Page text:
U.S. House passes bill to halt Guantanamo transfers
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By Patricia Zengerle
WASHINGTON (Reuters) - The U.S. House of Representatives passed a bill on Thursday that would bar any transfers of detainees from the Guantanamo Bay military prison while President Barack Obama is president or until he signs a new defense policy bill.
The measure passed by 244 to 174, largely along party lines, with all but four Republicans backing it and all but 12 of Obama's fellow Democrats opposed.
The White House has promised to veto the measure. It also faces tough odds in the Senate, where it would need Democratic support as well as Republican backing to progress.
Obama vowed that he would close the controversial detention center at the base in Cuba as he first campaigned for the White House in 2008.
He has failed to keep that promise, facing opposition, mostly from Republicans but also some Democrats, in Congress.
Advocates for closing the prison say it costs too much to operate, contravenes U.S. values by holding prisoners, all Muslims, for years without trial, and serves as a propaganda tool for militant groups.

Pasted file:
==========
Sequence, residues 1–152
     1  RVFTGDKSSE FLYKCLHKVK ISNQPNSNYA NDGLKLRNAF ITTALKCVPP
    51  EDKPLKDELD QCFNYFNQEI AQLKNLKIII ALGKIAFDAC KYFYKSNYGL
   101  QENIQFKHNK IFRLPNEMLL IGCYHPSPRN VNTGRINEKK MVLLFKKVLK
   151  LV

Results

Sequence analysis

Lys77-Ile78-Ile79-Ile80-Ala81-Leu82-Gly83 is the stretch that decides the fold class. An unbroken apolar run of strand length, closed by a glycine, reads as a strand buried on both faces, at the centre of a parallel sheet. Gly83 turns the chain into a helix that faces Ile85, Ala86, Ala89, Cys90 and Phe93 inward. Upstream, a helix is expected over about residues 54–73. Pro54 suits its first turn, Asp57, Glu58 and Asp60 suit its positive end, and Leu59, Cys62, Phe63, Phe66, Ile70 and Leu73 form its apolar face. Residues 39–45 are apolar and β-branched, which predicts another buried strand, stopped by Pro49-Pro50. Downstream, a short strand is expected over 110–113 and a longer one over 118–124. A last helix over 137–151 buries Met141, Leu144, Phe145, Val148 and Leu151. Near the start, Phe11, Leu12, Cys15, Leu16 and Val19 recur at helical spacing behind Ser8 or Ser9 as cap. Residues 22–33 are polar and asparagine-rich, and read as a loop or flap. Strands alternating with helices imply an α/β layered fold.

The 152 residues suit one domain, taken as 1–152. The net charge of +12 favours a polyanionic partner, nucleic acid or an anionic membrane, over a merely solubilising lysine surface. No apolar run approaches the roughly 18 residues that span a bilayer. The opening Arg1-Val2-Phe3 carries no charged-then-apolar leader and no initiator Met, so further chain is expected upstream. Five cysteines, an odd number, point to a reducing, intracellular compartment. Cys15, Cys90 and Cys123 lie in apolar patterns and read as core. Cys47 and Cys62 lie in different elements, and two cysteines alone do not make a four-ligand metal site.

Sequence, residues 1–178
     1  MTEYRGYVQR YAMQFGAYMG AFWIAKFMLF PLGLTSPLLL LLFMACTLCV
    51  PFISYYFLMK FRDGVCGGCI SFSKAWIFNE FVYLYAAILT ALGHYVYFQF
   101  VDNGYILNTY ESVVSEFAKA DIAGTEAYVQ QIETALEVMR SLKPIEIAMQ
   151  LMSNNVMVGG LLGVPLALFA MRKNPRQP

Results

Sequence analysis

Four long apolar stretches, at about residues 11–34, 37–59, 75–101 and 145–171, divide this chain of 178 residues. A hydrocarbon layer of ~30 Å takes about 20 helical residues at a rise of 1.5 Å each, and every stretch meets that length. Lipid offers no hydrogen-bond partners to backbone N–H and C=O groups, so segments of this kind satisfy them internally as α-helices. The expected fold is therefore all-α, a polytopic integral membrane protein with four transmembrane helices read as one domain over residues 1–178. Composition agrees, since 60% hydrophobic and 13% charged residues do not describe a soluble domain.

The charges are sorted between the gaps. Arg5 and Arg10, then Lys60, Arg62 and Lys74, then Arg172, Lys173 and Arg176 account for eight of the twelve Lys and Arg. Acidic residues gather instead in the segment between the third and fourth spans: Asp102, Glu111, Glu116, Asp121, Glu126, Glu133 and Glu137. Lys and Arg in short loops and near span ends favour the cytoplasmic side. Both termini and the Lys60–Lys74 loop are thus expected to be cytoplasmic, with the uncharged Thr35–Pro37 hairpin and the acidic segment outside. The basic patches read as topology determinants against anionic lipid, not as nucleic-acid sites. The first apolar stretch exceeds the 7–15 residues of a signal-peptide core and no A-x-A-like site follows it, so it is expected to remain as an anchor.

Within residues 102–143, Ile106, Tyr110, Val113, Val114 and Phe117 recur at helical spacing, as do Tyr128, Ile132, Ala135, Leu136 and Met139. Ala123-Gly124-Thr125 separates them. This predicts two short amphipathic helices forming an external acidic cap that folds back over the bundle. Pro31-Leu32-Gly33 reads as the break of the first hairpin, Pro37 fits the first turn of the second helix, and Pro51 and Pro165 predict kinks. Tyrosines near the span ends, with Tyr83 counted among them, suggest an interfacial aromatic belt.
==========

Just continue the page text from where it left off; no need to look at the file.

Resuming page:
Republicans say Guantanamo is an important tool in the fight against terrorism. They say prisoner transfers are a security threat, pointing to reports that some of the hundreds released during the prison's 15-year-long history have returned to the battlefield.
The U.S. government said on Wednesday that two more militants released from Guantanamo had returned to fighting. Washington has confirmed that a total of nine ex-detainees have rejoined militant groups since Obama took office, according to a report by the Office of Director of National Intelligence.
Obama has recently accelerated releases, fueling concerns by prison supporters that he might use his executive powers to close it altogether before leaving office in January.
The United States opened the Guantanamo detention facility in 2002, months after the Sept. 11 attacks by Islamist militants on New York and Washington, to hold what it described as foreign terrorism suspects. Most have been held without charge or trial for more than a decade, drawing international condemnation.
There are currently about 60 prisoners at the base.
The bill would stop transfers only until Obama leaves office in January or signs a new National Defense Authorization Act, an annual bill setting defense policy. Obama has threatened to veto versions of the bill passed by the House and Senate this year.
(Reporting by Patricia Zengerle; Editing by James Dalgleish)
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